I recently had the opportunity to talk about best business practices with owner-operators attending the annual Great American Trucking Show in Dallas. The popular Partners in Business program, produced by sister publication Overdrive magazine and ATBS, was jam-packed with business knowledge-seeking owner-operators, and attendance exceeded expectations – surprising in the face of the conventional wisdom that independent contractors are a vanishing breed of driver.
I’m always puzzled when I hear the doom-and-gloom scenarios that sprout up every time there’s a downturn in the industry. Over the years, the threats of fuel prices, deregulation, insurance costs, government regulations and other predictors for failure have been blamed for putting owner-operators on the endangered species list. Somehow, this tough, stubborn breed of driver manages to adapt, survive and even thrive.
While it’s certainly a “survival of the strongest” business with little margin for error, the successful owner-operator is an alluring driver resource for fleets. There’s no doubt we’ve recently lost some owner-operators to high fuel prices, but this is more indicative of the cyclical nature of the industry, and today we have 25,500 more owner-operators than we did 10 years ago. The survivors remain a dependable, business-savvy service-oriented source of capacity for carriers.
With predictions that the industry will be hauling 31 percent more freight by 2017, C.R. England and other carriers have focused on greatly increasing their owner-operator fleet. Josh England, vice president the company’s independent contractor division, says owner-operators make up 62 percent of C.R. England’s fleet, with 2,100 owner-operators now versus fewer than 1,000 five years ago. “Our numbers consistently show that they are the safest on-time driving resource,” he says. “They are invested in the business, act more responsibly, run more miles and offer the most professional customer service.” By offering good pay, steady miles and plenty of business and tax counseling, England feels it’s in the company’s best interest to help its owner-operators succeed. “These guys have skin in the game,” England says. “They care about their equipment, and that translates into the ideal driving resource for us.”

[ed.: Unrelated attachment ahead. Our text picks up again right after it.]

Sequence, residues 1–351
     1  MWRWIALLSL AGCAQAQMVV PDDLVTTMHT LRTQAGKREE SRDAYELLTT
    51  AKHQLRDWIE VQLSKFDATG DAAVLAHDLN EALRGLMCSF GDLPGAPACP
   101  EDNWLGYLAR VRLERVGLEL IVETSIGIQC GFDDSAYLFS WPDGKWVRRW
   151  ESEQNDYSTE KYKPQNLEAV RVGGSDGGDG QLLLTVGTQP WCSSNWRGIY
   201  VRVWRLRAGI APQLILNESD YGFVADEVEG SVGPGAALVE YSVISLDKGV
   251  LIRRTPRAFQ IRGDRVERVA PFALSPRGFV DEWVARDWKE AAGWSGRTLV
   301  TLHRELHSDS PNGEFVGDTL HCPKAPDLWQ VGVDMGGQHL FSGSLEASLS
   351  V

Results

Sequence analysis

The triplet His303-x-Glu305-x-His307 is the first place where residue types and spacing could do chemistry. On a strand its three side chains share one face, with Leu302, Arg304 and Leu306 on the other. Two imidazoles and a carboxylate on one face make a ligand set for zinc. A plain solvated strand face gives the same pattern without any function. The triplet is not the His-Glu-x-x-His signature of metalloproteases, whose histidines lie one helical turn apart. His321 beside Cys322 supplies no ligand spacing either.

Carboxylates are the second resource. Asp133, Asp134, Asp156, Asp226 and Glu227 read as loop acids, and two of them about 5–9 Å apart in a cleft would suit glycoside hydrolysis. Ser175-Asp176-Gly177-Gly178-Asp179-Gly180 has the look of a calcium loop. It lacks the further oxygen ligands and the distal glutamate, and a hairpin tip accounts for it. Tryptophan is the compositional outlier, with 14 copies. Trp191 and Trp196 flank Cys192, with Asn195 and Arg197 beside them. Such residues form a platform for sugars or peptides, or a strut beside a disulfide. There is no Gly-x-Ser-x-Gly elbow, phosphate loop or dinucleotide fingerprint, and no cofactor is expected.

One great thing about living through a few down market cycles is the ability to ignore histrionics and get down to the business of running a good business. I predict that long after I’m gone from the industry, owner-operators will still be hauling freight across the country. I don’t know many long-timers who’d bet against it.